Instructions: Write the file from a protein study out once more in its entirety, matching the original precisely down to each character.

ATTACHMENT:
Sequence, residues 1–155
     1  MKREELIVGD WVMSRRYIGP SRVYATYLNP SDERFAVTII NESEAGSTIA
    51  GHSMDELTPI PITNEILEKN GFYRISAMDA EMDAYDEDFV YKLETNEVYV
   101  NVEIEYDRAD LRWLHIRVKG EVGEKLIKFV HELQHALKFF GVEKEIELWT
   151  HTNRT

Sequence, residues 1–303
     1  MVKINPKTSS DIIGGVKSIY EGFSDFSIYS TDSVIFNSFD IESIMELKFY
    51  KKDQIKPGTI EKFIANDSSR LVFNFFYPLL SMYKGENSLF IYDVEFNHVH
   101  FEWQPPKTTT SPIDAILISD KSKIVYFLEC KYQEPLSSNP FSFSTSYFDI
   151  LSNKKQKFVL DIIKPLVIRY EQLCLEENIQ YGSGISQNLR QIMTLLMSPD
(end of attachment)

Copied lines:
Sequence, residues 1–155
     1  MKREELIVGD WVMSRRYIGP SRVYATYLNP SDERFAVTII NESEAGSTIA
    51  GHSMDELTPI PITNEILEKN GFYRISAMDA EMDAYDEDFV YKLETNEVYV
   101  NVEIEYDRAD LRWLHIRVKG EVGEKLIKFV HELQHALKFF GVEKEIELWT
   151  HTNRT

Sequence, residues 1–303
     1  MVKINPKTSS DIIGGVKSIY EGFSDFSIYS TDSVIFNSFD IESIMELKFY
    51  KKDQIKPGTI EKFIANDSSR LVFNFFYPLL SMYKGENSLF IYDVEFNHVH
   101  FEWQPPKTTT SPIDAILISD KSKIVYFLEC KYQEPLSSNP FSFSTSYFDI
   151  LSNKKQKFVL DIIKPLVIRY EQLCLEENIQ YGSGISQNLR QIMTLLMSPD